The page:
Adult morality vs. child's play: Should kids be allowed to wear makeup?

Kinderling News & Features

My daughter just got an invitation to a make-up birthday party. She's six.

One of her little friends ran up to me in the school playground, gleefully announcing that they would be doing hair, make-up and nails. The whole biz. Darcy was jumping up and down beside me, a big grin on her face.

Meanwhile I was feeling slightly uncomfortable. How did I feel about this theme? Wasn't she too young for a make-up party? Wasn't this completely against my feminist principals?

What a quandary, and it wasn't even nine o'clock yet!

When adult morals clash with childish desires

As I pondered these questions on my way to work, I started to think about the other times my adult morality had come into conflict with my kids' ideas of play.

There was my original aversion to taffeta princess dresses, thinking it was an outdated ideal of femininity I didn't want her to embrace. That went out the window when I saw how much she enjoyed the them, and how it brought her out of her shell and into a whole new world of play.

Then my son started asking for a nerf gun. I didn't have much time to think about my objection to guns before my husband had bought him one. Still. If it hadn't been a nerf gun, it would have been a stick. Or a fork, or my brush, or a plastic bottle. You get the picture. One day when Darcy and I were out, Arlo and his dad built an obstacle course in the house and played shoot outs. They had so much fun.

Was a make-up party really different from any of these things?

We need to see the world through their eyes

Psychologist Karen Young says our morality comes from our life experience and perspective. We need to take a step back and see the world through our children's eyes.

We have to remember that a child's world is very different to the world we live in as adults, and we want that. We want them to feel safe to explore the different parts of themselves - as heroes, carers, leaders, creators, peacemakers, rule-makers, rule-breakers. When they play, they try on different roles in a really safe way.

They're experimenting, says Karen.

I love that idea. That these games are innocent, but that doesn't mean the rest of the world is innocent too.

How to really make a difference where it counts

If you're worried about the impact of advertising and its messed-up portrayal of beauty or the insidious nature of toxic masculinity, keeping them home from a make-up party or refusing to buy the nerf gun is not the answer.

While ultimately you need to choose what's right for your family, Karen says in your child's eyes, it's innocent.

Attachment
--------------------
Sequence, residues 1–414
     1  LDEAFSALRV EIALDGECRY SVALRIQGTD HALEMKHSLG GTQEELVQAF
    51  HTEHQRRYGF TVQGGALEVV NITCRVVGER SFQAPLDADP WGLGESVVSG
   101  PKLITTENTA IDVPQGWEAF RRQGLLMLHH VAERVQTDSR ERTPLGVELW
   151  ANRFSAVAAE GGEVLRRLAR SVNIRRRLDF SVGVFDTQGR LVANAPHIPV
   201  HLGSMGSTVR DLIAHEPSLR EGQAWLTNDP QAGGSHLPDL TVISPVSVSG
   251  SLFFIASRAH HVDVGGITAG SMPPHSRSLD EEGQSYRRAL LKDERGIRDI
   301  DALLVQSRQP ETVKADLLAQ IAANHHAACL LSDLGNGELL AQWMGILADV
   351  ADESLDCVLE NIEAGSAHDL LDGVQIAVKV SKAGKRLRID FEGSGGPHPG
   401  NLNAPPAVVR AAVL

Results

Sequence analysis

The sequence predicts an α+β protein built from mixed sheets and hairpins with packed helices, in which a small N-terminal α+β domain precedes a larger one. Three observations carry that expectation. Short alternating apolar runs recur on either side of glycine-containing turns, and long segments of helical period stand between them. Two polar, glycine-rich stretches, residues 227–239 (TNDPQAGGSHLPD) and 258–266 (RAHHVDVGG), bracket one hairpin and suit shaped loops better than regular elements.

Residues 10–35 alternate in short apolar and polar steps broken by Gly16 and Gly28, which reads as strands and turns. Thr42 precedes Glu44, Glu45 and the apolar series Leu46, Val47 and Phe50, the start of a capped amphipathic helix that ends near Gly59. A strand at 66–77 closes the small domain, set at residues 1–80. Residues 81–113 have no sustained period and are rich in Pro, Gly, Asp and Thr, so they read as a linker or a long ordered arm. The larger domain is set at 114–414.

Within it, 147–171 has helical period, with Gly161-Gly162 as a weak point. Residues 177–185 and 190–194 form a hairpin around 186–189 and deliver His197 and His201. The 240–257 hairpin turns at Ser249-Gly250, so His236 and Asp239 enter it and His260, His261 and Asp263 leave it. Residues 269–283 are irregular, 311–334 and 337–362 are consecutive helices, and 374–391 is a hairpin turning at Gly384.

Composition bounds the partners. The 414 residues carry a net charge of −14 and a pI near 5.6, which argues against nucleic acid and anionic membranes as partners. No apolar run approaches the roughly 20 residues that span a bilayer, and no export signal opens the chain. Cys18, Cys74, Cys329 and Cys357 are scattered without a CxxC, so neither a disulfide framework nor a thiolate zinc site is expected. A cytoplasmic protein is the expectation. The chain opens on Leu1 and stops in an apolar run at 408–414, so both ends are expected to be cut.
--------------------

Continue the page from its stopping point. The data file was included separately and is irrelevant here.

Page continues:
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What's important are the conversations about respect and kindness and not hurting other people. As parents, we need to give them this strong scaffold so when the decisions are out of our hands - which they will be soon enough - they'll make the right ones, she explains. 

I'm not going to stop her going to the party

I'd be lying if I said I'm not still slightly uncomfortable about the idea of a make-up party. But this is not about me. It's about my daughter and allowing her the freedom to explore different experiences in her life.

I do need to make sure she has a good understanding about what beauty really means.

Karen says it's up to parents to push back against the definitions that society has around beauty. We need to show our children that beauty is a diverse concept, and not one that is defined by impossibly gorgeous models on TV.

We can tell them they're smart, funny, strong, brave, powerful - but we need to include beautiful in there as well. If we don't, they are left with a definition of beautiful as something they see on the billboards, on in television commercials.

Tell them when they wake up and they have their puffy sleepy eyes that they are beautiful. Tell them when they have stringy wet hair. Tell them when they are covered in mud and grass and sweat. And of course tell them that they're brave, strong, powerful too. By doing this, we dilute the impact of the ridiculous messages they will be exposed to everyday (whether we like it or not), about how they should look and how they should be.

Now this is a message I can really embrace. I love that we don't need to eradicate the word beautiful from our vocabulary as we bring up our girls. I say it to my daughter all the time, and it has never just described what she looks like to me.

Next time I get an uncomfortable feeling about the way my kids play I'm going to have to check myself, and ask myself whether I'm looking at it through their eyes, or mine.